6:34 pm
moneyhelp
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rhvic said

However, perhaps having a US$ account at a US FI would trigger US taxes.  

I would imagine, yes.

December 19, 2018
7:49 pm
Briguy
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Retep said

Are you saying you have to pay taxes for interest for a USA dollar HISA on deposit in a Canadian FI?  

NO, I'm saying that you would be required to file a US tax return and pay US taxes if you earn interest in a US bank that's situated in the US. I'm by no means an expert and I don't have a US bank account, just my opinion.

December 20, 2018
8:56 am
rodeworthy
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Canada and USA have a tax treaty to provide relief from taxation in both USA and Canada for $ earned by Canadians in USA. The W8BEN form is completed and provided to the income provider and declares that you will declare the income on your Canadian tax return so you do not have to file with the IRS in USA.

Canadians are taxed on their world wide income regardless of denomination so all income should be declared.

Using the United States-Canada Income Tax Treaty to Reduce Double Taxation

December 20, 2018
10:58 am
Norman1
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rhvic said

… However, perhaps having a US$ account at a US FI would trigger US taxes.  

It actually doesn't.

Under the US Internal Revenue Code, interest paid by a US bank/credit union/savings & loan/insurance company to non-resident aliens is not taxable in the US.

Previous post has the details.

December 20, 2018
11:04 am
Norman1
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rodeworthy said
Canada and USA have a tax treaty to provide relief from taxation in both USA and Canada for $ earned by Canadians in USA.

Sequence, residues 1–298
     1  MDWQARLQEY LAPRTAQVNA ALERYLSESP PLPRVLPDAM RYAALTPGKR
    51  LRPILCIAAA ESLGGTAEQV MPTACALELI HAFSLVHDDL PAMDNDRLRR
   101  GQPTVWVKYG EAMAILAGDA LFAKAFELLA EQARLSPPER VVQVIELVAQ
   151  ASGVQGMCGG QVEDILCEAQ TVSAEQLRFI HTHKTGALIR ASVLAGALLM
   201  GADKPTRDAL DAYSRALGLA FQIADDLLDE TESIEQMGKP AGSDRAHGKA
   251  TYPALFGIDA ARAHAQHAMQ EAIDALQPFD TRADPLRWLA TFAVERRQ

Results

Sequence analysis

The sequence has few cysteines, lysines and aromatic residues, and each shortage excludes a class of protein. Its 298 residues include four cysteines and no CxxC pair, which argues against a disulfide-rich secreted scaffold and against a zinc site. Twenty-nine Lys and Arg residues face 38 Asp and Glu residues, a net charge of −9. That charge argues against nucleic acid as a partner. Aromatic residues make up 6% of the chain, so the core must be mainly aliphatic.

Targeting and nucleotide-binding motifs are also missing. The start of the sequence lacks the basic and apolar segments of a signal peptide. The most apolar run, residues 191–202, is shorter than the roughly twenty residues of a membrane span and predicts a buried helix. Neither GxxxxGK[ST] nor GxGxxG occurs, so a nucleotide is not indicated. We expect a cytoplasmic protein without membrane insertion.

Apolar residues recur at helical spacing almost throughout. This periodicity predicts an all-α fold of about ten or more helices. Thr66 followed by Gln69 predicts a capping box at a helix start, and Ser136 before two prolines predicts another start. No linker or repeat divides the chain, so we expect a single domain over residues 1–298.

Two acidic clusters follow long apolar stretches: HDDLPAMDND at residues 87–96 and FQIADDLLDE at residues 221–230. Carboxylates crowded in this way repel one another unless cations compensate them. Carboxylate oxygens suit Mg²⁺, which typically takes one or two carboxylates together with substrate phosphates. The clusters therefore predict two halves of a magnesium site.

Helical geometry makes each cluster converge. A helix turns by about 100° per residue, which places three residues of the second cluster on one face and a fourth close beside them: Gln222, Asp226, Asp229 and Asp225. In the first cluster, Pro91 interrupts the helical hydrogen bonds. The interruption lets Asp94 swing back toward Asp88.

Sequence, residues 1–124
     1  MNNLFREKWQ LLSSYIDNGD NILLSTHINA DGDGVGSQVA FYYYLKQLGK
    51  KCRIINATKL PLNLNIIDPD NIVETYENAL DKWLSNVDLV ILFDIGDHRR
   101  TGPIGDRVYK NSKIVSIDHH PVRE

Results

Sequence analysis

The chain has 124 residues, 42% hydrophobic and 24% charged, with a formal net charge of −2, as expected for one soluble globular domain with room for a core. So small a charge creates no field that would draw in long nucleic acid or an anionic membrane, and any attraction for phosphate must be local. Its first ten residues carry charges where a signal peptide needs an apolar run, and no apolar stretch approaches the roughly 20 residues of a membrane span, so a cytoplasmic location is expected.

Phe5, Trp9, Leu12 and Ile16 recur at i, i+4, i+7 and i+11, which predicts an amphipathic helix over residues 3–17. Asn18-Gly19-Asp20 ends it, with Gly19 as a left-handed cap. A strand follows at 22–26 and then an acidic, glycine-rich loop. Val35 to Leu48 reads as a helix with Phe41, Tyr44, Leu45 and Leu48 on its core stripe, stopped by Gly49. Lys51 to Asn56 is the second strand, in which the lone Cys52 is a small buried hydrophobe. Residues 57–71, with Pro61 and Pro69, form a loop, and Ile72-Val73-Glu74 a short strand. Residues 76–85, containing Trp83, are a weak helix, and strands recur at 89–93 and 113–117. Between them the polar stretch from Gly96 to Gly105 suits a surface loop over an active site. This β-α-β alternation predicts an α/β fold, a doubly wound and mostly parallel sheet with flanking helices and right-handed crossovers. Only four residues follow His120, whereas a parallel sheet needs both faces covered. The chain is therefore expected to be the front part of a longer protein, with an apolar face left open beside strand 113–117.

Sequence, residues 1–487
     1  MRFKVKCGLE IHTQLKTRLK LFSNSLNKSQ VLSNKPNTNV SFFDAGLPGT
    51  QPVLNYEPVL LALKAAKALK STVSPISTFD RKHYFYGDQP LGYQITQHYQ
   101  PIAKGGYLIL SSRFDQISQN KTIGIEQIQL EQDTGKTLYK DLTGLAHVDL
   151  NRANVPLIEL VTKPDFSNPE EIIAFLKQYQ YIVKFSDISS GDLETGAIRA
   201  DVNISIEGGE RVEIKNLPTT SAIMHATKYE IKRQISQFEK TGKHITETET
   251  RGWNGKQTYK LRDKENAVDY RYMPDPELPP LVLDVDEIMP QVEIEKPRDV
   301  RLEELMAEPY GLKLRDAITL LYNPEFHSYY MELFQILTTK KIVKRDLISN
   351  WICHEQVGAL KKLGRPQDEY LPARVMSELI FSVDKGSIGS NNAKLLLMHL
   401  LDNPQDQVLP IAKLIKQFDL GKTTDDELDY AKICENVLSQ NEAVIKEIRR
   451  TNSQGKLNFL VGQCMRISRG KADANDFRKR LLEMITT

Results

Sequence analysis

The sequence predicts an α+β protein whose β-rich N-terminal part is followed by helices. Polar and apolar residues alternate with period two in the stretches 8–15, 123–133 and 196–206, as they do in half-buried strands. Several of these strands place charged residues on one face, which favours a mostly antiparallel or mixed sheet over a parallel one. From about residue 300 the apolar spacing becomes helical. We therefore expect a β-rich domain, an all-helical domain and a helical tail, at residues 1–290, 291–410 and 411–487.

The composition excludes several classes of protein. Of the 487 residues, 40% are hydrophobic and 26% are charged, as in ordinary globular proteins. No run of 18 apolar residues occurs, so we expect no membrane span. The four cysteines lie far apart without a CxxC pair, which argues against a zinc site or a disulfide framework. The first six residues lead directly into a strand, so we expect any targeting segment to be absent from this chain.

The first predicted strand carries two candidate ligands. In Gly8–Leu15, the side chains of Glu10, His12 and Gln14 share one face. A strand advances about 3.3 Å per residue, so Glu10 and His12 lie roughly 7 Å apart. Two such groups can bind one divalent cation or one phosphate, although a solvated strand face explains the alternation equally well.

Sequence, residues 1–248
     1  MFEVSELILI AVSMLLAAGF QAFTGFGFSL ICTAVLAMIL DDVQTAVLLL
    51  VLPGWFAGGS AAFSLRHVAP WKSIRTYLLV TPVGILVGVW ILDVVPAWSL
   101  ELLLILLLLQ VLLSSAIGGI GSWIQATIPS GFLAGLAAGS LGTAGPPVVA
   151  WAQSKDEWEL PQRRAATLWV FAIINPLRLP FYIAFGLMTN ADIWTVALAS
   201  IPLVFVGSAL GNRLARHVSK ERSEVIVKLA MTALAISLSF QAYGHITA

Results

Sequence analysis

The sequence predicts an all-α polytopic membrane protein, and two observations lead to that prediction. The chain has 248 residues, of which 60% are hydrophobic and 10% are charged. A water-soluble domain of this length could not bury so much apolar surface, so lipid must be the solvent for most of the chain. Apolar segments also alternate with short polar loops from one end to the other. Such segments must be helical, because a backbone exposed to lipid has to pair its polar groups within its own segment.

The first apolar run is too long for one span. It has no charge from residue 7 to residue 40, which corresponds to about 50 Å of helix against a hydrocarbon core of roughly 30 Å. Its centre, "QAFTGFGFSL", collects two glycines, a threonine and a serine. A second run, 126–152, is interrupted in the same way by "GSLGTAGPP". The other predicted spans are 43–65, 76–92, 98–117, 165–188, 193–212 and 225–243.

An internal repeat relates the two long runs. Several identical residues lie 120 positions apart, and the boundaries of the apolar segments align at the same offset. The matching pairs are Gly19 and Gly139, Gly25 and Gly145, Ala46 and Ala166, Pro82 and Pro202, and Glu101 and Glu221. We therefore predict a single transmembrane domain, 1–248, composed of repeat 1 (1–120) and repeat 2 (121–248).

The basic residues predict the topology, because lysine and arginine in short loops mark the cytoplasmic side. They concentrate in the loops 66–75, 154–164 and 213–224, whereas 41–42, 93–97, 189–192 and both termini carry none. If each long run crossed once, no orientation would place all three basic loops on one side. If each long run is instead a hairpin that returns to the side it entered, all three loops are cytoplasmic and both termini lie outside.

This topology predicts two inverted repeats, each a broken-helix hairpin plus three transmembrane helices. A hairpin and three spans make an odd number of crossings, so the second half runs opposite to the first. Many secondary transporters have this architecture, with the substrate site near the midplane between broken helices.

Using the United States-Canada Income Tax Treaty to Reduce Double Taxation

Relief from double taxation does not mean relief from taxation in both countries.

US dividends I receive are taxable in both US and Canada. Under the Canada-US tax treaty, there is a 15% tax in US and the normal income tax in Canada. The 15% is withheld at the source and sent to IRS. That 15% is credited against any income taxes payable in Canada.

The net effect is I pay whichever is higher: 15% or the rate in Canada, with the US getting 15%.

December 20, 2018
1:45 pm
dommm
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Norman1 said

rodeworthy said
Canada and USA have a tax treaty to provide relief from taxation in both USA and Canada for $ earned by Canadians in USA.

Using the United States-Canada Income Tax Treaty to Reduce Double Taxation

Relief from double taxation does not mean relief from taxation in both countries.

US dividends I receive are taxable in both US and Canada. Under the Canada-US tax treaty, there is a 15% tax in US and the normal income tax in Canada. The 15% is withheld at the source and sent to IRS. That 15% is credited against any income taxes payable in Canada.

The net effect is I pay whichever is higher: 15% or the rate in Canada, with the US getting 15%.  

I believe the exception to the above is if the US$ income is held within an RRSP or similar.

December 20, 2018
3:05 pm
rodeworthy
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Norman1 said

rodeworthy said
Canada and USA have a tax treaty to provide relief from taxation in both USA and Canada for $ earned by Canadians in USA.

Using the United States-Canada Income Tax Treaty to Reduce Double Taxation

Relief from double taxation does not mean relief from taxation in both countries.

US dividends I receive are taxable in both US and Canada. Under the Canada-US tax treaty, there is a 15% tax in US and the normal income tax in Canada. The 15% is withheld at the source and sent to IRS. That 15% is credited against any income taxes payable in Canada.

The net effect is I pay whichever is higher: 15% or the rate in Canada, with the US getting 15%.  

Norman, you are correct. I misworded my original statement. I meant to say relief from 'filing' taxes in both countries. It has been a while since I have dealt with $US income. You have reminded me that the WBEN is used to reduce the normal 30% tax withholding rate to 15% and that amount withheld is applied to Canadian tax return. Thanks for the clarification.